VPN services enable expats to watch their favorite television programs live from their own countries and not depend on local networks. More savvy expats who love movies and television utilize something called a flash routers, something beyond my scope at this point.
VPN's don't work with Netflix anymore - they can tell you're using a VPN and will prohibit access to certain shows. You can still rent movies on YouTube if you have a VPN though. Otherwise you will be directed to YouTube Mexico, which doesn't permit movie rentals.
VPN's also keep your Google searches in English, since Google has decided to based your results on your location. That's great if you're ordering a pizza, not so good if your work depends on research.
International trade makes far more goods available - As much as some crusty expats bemoan the Walmarts and Sam's Clubs ruining “authentic Mexico," Today's expats embrace these chain stores as much as the Mexicans do. Availability compares to what you'd find in a small American town.
You may get a little frustrated if you live full-time in Mexico and have to do without pickles for years at a time. If you're a part-time expat, you can marvel at the availability of goods when you're at home and marvel at the lower cost of goods when you are in Mexico.
Online language tools - Even if you don’t want to learn Spanish, internet tools like Google Translate and enable you to get by more easily.
If you do want to learn the language, you no longer have to find a local tutor you like, go to classes, or haul books around. You can learn Spanish completely on your computer. You can even practice speaking, using Skype/Google Hangouts to find free language exchange partners or paid tutors.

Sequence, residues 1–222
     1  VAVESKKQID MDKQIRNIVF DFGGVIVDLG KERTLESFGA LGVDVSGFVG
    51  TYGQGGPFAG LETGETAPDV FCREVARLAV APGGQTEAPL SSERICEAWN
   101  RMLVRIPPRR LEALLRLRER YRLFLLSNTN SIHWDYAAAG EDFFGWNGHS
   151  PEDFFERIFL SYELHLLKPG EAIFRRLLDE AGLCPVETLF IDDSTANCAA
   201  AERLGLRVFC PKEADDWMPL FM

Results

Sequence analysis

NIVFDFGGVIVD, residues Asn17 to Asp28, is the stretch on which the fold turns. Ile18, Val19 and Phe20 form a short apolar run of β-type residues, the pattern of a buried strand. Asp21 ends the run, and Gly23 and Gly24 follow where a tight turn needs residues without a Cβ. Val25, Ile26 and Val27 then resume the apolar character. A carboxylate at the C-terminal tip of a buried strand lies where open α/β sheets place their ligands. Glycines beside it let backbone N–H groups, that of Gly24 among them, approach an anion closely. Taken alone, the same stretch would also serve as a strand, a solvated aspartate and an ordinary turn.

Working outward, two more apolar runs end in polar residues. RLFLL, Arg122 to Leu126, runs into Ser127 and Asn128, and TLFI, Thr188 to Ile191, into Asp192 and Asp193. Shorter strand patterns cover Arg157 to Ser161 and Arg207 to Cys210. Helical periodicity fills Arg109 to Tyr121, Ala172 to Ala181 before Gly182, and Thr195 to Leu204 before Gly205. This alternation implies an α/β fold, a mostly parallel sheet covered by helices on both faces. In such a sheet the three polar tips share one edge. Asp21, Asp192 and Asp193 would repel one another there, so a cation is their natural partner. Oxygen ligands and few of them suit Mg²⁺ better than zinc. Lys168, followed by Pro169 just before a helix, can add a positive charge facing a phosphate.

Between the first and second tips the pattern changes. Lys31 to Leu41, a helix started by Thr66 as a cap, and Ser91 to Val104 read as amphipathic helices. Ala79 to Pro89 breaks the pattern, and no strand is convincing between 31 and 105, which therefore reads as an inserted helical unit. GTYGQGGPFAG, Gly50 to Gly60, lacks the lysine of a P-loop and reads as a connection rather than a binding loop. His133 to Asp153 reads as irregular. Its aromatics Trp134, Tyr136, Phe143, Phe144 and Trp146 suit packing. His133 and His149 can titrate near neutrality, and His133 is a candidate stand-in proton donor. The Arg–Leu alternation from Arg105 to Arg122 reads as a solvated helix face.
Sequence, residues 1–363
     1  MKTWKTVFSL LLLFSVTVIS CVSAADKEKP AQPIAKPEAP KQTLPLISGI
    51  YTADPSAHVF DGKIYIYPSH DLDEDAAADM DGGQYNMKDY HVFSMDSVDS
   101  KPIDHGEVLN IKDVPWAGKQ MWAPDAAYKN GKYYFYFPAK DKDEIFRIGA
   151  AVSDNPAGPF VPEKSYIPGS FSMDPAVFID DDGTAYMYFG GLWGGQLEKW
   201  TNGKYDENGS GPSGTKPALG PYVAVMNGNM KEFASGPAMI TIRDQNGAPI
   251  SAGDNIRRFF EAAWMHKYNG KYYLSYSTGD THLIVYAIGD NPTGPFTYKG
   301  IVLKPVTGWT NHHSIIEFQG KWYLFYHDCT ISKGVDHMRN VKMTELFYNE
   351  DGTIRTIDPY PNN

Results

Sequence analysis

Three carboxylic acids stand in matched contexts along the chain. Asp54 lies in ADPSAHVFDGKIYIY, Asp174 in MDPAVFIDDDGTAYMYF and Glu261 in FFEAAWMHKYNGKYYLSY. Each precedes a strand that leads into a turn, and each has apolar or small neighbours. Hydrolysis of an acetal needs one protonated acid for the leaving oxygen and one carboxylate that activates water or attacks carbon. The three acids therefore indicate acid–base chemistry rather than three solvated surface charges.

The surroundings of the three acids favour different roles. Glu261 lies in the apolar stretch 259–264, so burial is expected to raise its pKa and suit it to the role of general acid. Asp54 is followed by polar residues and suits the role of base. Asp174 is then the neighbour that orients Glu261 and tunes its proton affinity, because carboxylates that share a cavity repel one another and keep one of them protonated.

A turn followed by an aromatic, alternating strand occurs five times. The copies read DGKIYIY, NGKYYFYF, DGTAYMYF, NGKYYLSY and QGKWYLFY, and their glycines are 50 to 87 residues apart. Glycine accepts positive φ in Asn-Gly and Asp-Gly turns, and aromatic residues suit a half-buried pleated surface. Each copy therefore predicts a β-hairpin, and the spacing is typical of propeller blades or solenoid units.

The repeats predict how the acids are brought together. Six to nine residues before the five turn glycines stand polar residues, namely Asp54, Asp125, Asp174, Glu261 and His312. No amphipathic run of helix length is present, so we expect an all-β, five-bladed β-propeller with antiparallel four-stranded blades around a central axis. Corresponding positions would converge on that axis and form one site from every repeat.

Streaming music - If music is important to you, you will be able to stream your favorite music, as well as explore Latin American genres through Spotify, Deezer and Sony Unlimited (Pandora is still not available in Mexico). VPN services enable you listen to location-restricted streaming internet radio like IHeart stations.
Hulu, Amazon, Netflix, Roku and other television streaming services, as my friend Mary mentioned in her expat guest post, mean you rarely have to miss a show. While the availability of programs on Netflix is different, the good news is that you will have a broader selection of Spanish language shows for practicing your Spanish.
Working remote from Mexico - Just as I hired a book cover designer from Brazil from the website Fiverr, and techies from Atlanta, Georgia and India to de-spam my site’s Google Analytics, people can hire you from another country.
Some of my expat neighbors are artists, writers, I.T. professionals and photographers. Take your dream job description and explore whether technology will support your working in and experiencing another country for six months at a time or more.